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Content archived on 2024-04-16

Reagents and methods for human genome analysis


The aim of this proposal is to develop new methods and reagents for the four strategies explained in the Generalities and to evaluate their application for human genome analysis. The intentions are:
to screen for and isolate rare cutter nuclease and methylases from procaryotes;
to establish methods based on methylation-dependent restriction;
to search for new group l encoded endonucleases and establish their application;
to develop methods to chemically cleave DNA and optimize the resulting artificial nuclease for the specific cleavage of any complex DNA.
New tools were developed for cutting deoxyribonucleic acid (DNA) in the megabase range in order to improve the physical mapping of the human genome and to get access to specific regions (genes) of the human genome. New cleavage techniques are being developed which cut DNA at sequences greater than 12 base pairs in order to create tools o cut the human genome at any desired site. This involved development of an insertion technique using the intron encoded rare cutter endonuclease I-Scel, by purifying and analysis of another intron encoded rare cutter endonuclease I-CsmI and by development of artificial nucleases. New nucleases are being developed which recognize DNA sequences up to 12 base pairs. This involves screening for new restriction endonucleases recognizing 8 bp sequences and modification of restriction endonuclease activity by methylation of the substrate DNA.

Research with respect to the construction vectors and assessment of their properties involved the following:
cutting bacterial DNA yeast development of and mouse DNA with 3-SceI;
development of a new mapping strategy;
development of I-Csm I as a site specific endonuclease.

Using conventional and established nucleotide chemistry different nucleotide triphosphates coupled to orthophenanthroline (OP) via a spacer arm have been synthesized. The length of the spacer arm has been varied in order to achieve optimal incorporation and cutting. Enzymatic incorporation has been established with several DNA and ribonucleic acid (RNA) polymerases.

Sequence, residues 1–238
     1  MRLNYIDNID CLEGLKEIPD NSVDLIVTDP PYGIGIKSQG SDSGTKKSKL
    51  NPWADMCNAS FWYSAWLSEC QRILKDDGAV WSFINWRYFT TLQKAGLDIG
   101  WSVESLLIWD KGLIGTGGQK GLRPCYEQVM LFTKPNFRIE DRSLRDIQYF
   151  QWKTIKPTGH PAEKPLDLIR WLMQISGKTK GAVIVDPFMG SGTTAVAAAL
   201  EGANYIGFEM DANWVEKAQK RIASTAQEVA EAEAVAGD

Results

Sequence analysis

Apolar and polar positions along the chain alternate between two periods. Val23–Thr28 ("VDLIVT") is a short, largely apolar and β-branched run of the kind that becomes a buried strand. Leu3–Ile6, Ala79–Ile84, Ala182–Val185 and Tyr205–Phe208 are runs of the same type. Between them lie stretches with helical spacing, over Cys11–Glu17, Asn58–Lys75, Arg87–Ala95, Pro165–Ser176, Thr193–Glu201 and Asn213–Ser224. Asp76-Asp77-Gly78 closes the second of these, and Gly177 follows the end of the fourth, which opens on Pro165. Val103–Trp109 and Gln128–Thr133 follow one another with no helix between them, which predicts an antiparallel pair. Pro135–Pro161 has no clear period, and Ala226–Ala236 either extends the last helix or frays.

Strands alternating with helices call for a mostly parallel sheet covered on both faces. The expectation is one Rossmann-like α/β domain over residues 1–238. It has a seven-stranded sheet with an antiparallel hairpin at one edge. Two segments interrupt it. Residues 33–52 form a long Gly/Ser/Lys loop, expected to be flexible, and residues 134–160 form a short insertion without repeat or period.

With respect to novel restriction endonucleases, a preliminary screen of 15 strains of bacteria has been completed and enzymes for further characterization have been identified. Strategies for producing rare cleavage of DNA have been done in 2 ways: combinations of restriction endonucleases and modification methylases to generate high specificity combinations of enzymes and secondly, protection of selected sites by DNA binding proteins (the 'Achilles heel' method).
Archilles heel cleavage was performed with Oct2A as binding protein, with MerR as binding protein and with Raf repressor as binding protein.
In order to analyze the structure of the human DNA and to clarify the mechanisms of specific human diseases many laboratories have recently focused on the development a of complete physical map of the human chromosomes with the ultimate goal of sequencing the entire human genome. Physical mapping, one of the key techniques of the human genome mapping project, has been greatly advanced by the invention of pulsed field gel electrophoresis. This technique was the prerequisite for fractionating and analyzing DNA molecules of sizes in the megabase range.
Megabase maps are crucial for human genome analysis since they fill the gap between the fine resolution physical map in the kb range, including sequencing, and the low resolution genetic (linkage) map in the cM range. However, megabase mapping has been limited so far by the low number of rare cutter nucleases which allow the fragmentation of human DNA at sites of 8 bp length or longer. Thus, the success of the human genome mapping project will depend greatly on the availability of new tools for megabase mapping.

The work will focus on the creation of appropriate technologies for the production of physical maps, in the megabase range, of all human chromosomes. So far four main strategies to fragment human DNA in the megabase range are known but only very few reagents are available to carry out any of these strategies:
restriction enzymes recognizing more than 6 bp; only Not I, SfiI, SgrAI, PacI, RsrII are commercially available;
combination of methylases and restriction enzymes which produce cleavage specificity up to 12 bp only are commercially available;
group I intron encoded endonucleases with up to 18bp recognition site; ISceI, not available yet;
artificial nuclease; none available.

New classes of tools for megabase mapping will be developed. New 8 bp restriction enzymes and combinations of methylases and nuclease resulting in up to 12 bp cutting sites will improve, facilitate and speed up many mapping strategies in the megabase range. Group I intron encoded 18 bp cutters will open up new possibilities for the precise fragmentation of whole chromosomes. Artificial nucleases may become multipotent tools to cut human DNA precisely at any desired site. This may allow one to define directly the distance between known genes and therefore improve physical mapping of the whole human genome tremendously.


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Bohringer Mannheim GmbH
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Nonnenwald 2
82377 Penzberg

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